It does simplify debate wonderfully. I announce claiming global warming is real is ‘stupid.’ That’s that.

    • thetumta on October 3, 2012, 9:21 pm

      It’s the equivalent of calling a black American a “nigger” to his face except now you have the internet and Democrats to hide behind. Push back is a certainty. I had to go through that some time ago. People get pissed off and make bad decisions in the heat of the moment.
      “Ole time American” racism had to face their colored victims at some point, face to face. So things changed. And no, American Jews were never serious victims of this American racism, except in their own minds. It has been very, very profitable for them though since.
      Some time ago, ,”judea declared war on germany”. Soon after we were at war in Europe, but not with Stalin and this guy(http://www.ynetnews.com/articles/0,7340,L-3342999,00.html or http://en.wikipedia.org/wiki/Genrikh_Yagoda).
      Note the mustausche!

      https://www.google.com/search?q=judea+declares+war+on+germany&hl=en&prmd=imvns&tbm=isch&tbo=u&source=univ&sa=X&ei=xtpsUNilKJGJ0QGijoHoCg&sqi=2&ved=0CCMQsAQ&biw=1366&bih=598

      Now, judea has declared war on Islam. Guess who gets to carry the weight this time, yet again? No, it’s not Anti-semitism, it’s Anti-Philo-Semitism. Enough is enough. Just say no, loudly and ignore the vile accusations that follow.
      Hej! Tumta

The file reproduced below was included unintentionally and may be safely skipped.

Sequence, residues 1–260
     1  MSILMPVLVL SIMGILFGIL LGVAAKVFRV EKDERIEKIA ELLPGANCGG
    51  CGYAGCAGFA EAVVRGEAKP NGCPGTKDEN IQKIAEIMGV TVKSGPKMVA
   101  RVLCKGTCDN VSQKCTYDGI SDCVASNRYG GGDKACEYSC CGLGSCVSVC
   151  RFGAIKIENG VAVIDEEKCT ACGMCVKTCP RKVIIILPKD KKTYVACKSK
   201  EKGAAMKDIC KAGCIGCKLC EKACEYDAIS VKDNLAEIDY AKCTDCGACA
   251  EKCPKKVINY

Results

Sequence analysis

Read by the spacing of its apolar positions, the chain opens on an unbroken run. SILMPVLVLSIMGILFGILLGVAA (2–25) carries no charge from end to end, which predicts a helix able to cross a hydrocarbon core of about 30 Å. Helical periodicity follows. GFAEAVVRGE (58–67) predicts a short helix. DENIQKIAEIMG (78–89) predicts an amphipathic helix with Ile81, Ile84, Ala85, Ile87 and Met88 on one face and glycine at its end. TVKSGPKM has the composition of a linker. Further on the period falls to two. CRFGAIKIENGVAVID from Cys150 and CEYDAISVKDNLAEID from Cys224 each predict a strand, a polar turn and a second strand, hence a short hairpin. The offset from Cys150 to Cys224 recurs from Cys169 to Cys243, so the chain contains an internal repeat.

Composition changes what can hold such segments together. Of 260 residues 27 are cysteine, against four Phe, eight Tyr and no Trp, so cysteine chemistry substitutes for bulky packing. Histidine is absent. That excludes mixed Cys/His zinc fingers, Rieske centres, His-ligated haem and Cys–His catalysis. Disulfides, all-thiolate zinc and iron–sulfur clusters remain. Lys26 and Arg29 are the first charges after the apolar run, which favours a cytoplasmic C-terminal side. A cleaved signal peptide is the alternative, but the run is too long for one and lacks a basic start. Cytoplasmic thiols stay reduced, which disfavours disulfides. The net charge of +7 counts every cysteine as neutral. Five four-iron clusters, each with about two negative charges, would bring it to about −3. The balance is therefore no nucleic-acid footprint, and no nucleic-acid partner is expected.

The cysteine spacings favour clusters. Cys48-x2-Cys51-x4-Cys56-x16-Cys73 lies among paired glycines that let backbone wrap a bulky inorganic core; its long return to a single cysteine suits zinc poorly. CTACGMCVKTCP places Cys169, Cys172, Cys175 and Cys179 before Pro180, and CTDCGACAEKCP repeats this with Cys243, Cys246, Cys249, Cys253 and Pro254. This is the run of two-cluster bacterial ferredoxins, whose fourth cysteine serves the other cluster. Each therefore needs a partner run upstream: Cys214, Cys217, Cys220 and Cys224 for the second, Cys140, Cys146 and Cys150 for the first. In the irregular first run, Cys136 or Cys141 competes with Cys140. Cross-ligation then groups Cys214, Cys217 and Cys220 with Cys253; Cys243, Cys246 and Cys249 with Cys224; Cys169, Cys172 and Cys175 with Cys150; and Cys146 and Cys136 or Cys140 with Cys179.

• EscapeVelocity on October 3, 2012, 11:04 pm

      Piss Christ was gratuitously offensive to Christians, and many, many other “artistic” endeavors have been as well.

      • Woody Tanaka on October 4, 2012, 9:42 am

        “Piss Christ was gratuitously offensive to Christians, and many, many other ‘artistic’ endeavors have been as well.”

        Baloney. It was perhaps intentionally shocking or even intentionally offensive, but was not gratuitous. Indeed, I know of a number of interpretations of the work that are pro-Christian. Indeed, Serrano has stated that this piece is a statement against the commercializaton and cheapening of spiritual value. I also read the work as an attack on people who are more concerned about meaningless insults to their ego than they are about what is supposed to be the true message of Christianity, as if the piece says, “You’re offended at how a plastic, mass produced crucifix — a graven image, if you will — was treated? Would Christ be concerned with such things or are you making an idol out of your ego and your offense?”